Using fresh cactus - Nopales
The paddles that grow on the prickly pear cactus are called nopales and taste somewhat like green beans when cooked. Nopales are very common and used extensively in Mexican cooking in salad, soups, omelets and as a filling for tacos and other snacks.
If you have the opportunity to gather nopales directly from a prickly pear cactus or purchase cactus with the thorns still on, you will need to remove them.
Cutting and removing thorns from cactus paddles:
Wear heavy protective gloves if cutting paddles from cactus plants. (Interesting note: true Mexicans grow their own pear cactuses in their backyards and do not see any need to wear gloves when cutting the nopales or when taking off the thorns, but this takes years of experience and thick-skinned hands...)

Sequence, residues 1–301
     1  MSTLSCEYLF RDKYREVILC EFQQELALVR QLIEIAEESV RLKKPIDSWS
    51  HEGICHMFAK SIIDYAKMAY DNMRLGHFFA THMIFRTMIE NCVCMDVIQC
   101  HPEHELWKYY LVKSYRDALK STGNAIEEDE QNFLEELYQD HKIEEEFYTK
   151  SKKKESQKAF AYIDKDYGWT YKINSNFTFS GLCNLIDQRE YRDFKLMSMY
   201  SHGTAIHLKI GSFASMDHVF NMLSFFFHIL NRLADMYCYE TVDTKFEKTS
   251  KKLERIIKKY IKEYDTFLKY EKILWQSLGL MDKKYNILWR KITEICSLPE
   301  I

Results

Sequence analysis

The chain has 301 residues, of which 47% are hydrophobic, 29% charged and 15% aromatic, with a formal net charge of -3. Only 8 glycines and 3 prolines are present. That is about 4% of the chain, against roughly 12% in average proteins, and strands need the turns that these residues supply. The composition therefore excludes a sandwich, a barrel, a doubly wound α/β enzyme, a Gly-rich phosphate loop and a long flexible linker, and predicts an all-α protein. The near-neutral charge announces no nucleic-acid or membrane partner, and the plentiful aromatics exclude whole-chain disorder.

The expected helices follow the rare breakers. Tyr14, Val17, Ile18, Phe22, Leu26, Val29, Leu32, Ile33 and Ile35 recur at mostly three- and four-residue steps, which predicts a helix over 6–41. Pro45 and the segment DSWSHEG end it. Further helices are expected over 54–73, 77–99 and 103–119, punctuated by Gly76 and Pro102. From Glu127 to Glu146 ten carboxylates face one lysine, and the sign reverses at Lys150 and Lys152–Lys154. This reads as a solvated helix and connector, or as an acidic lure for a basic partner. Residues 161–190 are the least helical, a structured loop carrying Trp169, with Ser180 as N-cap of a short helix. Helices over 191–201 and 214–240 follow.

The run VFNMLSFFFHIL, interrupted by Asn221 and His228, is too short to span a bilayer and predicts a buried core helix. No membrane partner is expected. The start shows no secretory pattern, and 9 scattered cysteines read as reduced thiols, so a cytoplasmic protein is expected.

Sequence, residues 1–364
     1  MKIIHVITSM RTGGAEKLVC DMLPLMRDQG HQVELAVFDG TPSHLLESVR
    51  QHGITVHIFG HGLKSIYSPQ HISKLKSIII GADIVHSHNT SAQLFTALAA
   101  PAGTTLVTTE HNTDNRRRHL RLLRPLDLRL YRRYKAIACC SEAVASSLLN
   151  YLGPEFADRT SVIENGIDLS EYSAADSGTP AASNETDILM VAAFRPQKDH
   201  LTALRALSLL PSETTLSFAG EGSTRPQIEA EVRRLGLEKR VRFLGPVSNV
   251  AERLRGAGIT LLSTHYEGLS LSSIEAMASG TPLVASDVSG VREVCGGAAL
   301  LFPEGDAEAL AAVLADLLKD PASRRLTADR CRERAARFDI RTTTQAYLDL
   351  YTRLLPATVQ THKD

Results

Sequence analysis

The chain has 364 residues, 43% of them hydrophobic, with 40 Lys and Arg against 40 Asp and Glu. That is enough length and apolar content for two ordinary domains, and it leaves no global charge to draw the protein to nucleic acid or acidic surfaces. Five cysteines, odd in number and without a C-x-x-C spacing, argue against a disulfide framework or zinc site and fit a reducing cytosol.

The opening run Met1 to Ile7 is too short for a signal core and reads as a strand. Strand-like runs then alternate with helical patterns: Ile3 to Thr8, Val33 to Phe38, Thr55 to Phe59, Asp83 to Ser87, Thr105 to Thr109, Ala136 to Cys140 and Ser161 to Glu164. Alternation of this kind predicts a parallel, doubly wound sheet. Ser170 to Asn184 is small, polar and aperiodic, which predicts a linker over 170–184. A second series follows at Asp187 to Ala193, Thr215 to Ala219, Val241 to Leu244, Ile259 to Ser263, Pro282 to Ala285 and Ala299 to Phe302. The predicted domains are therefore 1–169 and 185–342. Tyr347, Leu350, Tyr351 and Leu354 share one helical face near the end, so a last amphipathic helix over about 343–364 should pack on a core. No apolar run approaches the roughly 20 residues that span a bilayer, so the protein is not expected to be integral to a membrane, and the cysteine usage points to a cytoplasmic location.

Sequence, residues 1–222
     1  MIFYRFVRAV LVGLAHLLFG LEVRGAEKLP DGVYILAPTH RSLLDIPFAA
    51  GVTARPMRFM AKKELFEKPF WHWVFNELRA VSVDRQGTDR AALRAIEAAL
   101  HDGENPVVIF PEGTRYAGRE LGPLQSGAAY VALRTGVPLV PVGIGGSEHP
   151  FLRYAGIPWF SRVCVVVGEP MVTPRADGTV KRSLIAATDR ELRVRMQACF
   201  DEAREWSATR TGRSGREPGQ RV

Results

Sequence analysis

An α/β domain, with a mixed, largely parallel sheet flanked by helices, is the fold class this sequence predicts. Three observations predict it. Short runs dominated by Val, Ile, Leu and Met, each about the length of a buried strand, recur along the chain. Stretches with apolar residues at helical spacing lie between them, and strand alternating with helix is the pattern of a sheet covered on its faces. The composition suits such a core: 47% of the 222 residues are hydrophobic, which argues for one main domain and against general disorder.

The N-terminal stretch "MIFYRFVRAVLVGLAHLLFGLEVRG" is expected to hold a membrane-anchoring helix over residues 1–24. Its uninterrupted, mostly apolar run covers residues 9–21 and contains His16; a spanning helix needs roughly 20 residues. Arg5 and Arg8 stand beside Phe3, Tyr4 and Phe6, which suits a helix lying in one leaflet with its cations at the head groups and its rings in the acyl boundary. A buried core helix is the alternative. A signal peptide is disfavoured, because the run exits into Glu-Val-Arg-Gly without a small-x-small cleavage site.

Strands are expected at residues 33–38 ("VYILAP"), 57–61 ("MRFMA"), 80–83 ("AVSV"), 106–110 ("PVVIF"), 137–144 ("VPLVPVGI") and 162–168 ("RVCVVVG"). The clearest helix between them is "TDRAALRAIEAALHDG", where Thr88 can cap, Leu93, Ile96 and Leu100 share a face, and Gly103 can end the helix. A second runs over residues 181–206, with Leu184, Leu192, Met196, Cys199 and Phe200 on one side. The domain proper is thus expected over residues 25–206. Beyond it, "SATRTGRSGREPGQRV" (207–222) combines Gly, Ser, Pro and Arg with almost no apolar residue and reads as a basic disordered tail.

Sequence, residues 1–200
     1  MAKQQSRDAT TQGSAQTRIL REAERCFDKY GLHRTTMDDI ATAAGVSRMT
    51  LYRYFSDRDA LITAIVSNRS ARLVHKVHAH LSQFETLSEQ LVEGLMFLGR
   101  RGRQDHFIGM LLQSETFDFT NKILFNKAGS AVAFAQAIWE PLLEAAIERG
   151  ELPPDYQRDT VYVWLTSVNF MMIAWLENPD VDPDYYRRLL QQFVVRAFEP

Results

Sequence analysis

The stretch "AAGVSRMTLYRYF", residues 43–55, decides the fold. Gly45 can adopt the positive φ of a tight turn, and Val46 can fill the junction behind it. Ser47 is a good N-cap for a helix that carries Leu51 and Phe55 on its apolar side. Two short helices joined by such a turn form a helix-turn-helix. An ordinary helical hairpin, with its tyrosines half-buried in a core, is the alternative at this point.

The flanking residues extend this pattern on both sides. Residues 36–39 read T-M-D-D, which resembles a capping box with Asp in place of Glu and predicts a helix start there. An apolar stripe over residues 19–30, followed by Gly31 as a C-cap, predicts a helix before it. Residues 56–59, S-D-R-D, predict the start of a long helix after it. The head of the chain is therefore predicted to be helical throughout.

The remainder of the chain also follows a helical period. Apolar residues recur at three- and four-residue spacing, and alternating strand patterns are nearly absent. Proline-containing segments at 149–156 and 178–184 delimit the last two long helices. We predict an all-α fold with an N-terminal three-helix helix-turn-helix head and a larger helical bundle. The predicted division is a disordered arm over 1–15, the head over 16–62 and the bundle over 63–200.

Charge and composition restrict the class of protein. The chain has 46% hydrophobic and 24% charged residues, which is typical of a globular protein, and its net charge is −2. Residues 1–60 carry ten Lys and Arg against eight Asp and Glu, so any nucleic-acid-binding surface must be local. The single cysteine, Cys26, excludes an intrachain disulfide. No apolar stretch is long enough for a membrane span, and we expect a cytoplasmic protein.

Cut young, small, thin paddles - they will be firm and have a better flavor.
To remove the thorns, lay the paddles on newspaper and continue to wear those gloves. Using a sharp knife, trim off the outside edge all around the paddles, then scrape the flat sides with the knife blade to shave off all the tiny thorns that grow off the small bumps on the surface of the cactus paddles. Just cut off the thorns, not the whole outer skin.
Cut off and discard the base of the paddle if not freshly cut off the cactus plant.
The nopales are now ready to be cut into strips or squares, called nopalitos, or used whole as your recipe instructs.
Roll up and discard the newspapers with the thorns and scraps inside.